Study Abroad Scholarships

We fund conservation-minded artists, designers, scientists, and writers who are exploring art/sci collaboration abroad. Scholarship amounts vary from $150 to $3500 depending on the need. We accept applications on a rolling basis. To apply, please fill out our Scholarship Application Form.

Examples include study abroad courses offered by high schools and colleges, as well as other opportunities open to students or professionals who seek to learn from the experts in the field of conservation. These experts may include scientists (biologists, ecologists, park naturalists, veterinarians, wildlife guides) as well as community leaders, local artists, lodge operators, and reserve managers.


Rhode Island School of Design Study Abroad Scholars 2018 and 2019.

Our first study abroad scholars have included students enrolled in one of the courses Dr. Lucy Spelman, Creature Conserve founder, teaches for the Rhode Island School of Design. These are titled, ART AND SCIENCE OF CONSERVATION in South Africa (summer 2018, summer 2019) and EXPLORING THE ART AND SCIENCE OF BIODIVERSITY in Guyana (winter 2019.) 

Each destination is known as a biological hotspot, and each study tour is designed to give travelers a unique and exclusive look at the challenges associated with studying, celebrating, and saving species.

As of September 1, 2019, we are now accepting applications from anywhere in the US or abroad.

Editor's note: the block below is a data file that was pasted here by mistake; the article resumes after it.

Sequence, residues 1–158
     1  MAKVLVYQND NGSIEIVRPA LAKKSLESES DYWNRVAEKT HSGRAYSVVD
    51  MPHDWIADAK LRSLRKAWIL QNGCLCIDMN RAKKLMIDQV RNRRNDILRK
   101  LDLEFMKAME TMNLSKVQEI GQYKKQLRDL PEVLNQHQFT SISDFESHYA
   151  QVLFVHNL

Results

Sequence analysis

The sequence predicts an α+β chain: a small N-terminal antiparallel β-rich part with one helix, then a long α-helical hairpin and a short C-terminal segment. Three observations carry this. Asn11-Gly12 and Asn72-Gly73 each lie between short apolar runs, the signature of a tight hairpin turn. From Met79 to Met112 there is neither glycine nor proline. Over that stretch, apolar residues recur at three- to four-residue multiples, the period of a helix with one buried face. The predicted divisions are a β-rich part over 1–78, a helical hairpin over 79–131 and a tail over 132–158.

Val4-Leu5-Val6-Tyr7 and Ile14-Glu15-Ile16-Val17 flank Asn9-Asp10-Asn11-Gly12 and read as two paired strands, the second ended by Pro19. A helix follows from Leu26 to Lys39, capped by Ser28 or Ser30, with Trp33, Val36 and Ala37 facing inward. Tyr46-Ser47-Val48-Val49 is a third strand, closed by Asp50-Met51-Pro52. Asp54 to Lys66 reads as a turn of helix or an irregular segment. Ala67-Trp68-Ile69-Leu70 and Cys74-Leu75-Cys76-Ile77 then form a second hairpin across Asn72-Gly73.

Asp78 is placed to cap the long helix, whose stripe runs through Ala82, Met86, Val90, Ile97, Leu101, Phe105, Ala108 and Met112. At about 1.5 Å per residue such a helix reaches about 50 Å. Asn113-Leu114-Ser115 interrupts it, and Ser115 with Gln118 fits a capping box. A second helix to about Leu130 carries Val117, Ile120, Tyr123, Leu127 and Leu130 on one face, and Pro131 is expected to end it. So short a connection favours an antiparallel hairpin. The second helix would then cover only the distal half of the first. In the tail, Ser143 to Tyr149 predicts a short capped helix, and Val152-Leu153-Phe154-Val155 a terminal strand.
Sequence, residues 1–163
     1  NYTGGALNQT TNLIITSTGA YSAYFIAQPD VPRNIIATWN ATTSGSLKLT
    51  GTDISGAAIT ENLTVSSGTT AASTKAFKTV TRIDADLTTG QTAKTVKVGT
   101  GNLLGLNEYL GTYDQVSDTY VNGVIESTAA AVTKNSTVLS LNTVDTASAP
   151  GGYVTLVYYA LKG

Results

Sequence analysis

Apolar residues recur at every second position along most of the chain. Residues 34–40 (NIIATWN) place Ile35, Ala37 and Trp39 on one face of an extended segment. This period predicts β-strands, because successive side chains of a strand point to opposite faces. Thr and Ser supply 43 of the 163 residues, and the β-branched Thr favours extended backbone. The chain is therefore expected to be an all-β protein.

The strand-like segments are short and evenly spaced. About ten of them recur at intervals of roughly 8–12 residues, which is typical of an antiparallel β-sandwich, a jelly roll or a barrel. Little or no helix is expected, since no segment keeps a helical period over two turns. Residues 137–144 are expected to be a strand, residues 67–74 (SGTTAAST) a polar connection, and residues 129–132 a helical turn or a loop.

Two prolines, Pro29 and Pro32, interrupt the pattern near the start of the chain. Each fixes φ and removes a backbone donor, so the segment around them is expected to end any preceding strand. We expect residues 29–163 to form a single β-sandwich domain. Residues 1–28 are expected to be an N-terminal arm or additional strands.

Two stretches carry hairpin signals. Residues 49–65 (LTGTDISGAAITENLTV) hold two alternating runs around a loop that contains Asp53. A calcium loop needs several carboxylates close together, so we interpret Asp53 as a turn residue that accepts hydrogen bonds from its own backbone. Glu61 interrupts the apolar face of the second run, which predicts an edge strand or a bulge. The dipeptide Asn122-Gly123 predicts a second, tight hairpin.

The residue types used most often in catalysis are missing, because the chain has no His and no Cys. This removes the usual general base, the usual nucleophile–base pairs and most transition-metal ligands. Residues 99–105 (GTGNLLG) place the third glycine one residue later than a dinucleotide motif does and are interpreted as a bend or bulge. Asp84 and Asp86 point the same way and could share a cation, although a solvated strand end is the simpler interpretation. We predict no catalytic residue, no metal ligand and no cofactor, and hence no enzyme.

Jillian Hojsak, Biology, Brown 2019


With this project, my aim was to focus on the appealing qualities of South Africa’s vultures, all of which are in trouble. I created an online quiz for people to take in order to determine which species they relate to the most. The quiz was designed for high school students in mind; it utilizes both fun, casual questions, as well as questions that inform the participant to the risks that vultures face. I designed 6 vulture portraits – one for each species. The portraits highlight the personality and are done in a style suitable for body painting, or as some may prefer, tattoos. The concept began with the fact that protecting vultures protects humans. By putting poison into the environment, we are poisoning ourselves. Lead bullets contaminate our own water and environment, as well as vulture blood. The poisons used to kill vultures in order to consume their heads can pose a risk to the people participating in the traditional practice. And lastly, by not conserving vultures, we lose a main defense against lethal toxins/diseases like anthrax and rabies. The act of putting vulture art on our own bodies, even temporarily, is symbolic of the idea that poison affects us as well as them. This project is largely based on individual affect and the hope that individuals can become personally invested in the conservation of vultures. 

Derek Russell, Architecture RISD 2021


During my interdisciplinary studies in South Africa, I decided to research and communicate the intersectionality between human and animal populations for a conceptualized future. I attempted to visualize a sustainable world in which the desire for poaching (and potentially even conservation) were eliminated in favor of autonomous human and animal habitats through the implementation of buffer zones." Read more about Derek's work for this RISD Global Summer Studies course led by HPSS faculty Lucy Spelman on